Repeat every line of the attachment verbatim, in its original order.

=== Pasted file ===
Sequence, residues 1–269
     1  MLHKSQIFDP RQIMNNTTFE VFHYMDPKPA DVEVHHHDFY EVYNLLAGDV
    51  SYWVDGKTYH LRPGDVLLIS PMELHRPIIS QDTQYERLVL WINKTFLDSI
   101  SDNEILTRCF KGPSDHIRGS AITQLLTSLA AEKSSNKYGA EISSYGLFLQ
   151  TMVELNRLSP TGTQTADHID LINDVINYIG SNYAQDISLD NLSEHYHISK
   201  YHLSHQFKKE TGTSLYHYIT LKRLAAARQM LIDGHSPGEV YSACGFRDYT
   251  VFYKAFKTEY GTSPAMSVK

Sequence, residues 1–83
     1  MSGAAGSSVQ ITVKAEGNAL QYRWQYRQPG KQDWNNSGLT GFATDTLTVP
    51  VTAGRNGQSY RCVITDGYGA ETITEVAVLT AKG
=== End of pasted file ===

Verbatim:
Sequence, residues 1–269
     1  MLHKSQIFDP RQIMNNTTFE VFHYMDPKPA DVEVHHHDFY EVYNLLAGDV
    51  SYWVDGKTYH LRPGDVLLIS PMELHRPIIS QDTQYERLVL WINKTFLDSI
   101  SDNEILTRCF KGPSDHIRGS AITQLLTSLA AEKSSNKYGA EISSYGLFLQ
   151  TMVELNRLSP TGTQTADHID LINDVINYIG SNYAQDISLD NLSEHYHISK
   201  YHLSHQFKKE TGTSLYHYIT LKRLAAARQM LIDGHSPGEV YSACGFRDYT
   251  VFYKAFKTEY GTSPAMSVK

Sequence, residues 1–83
     1  MSGAAGSSVQ ITVKAEGNAL QYRWQYRQPG KQDWNNSGLT GFATDTLTVP
    51  VTAGRNGQSY RCVITDGYGA ETITEVAVLT AKG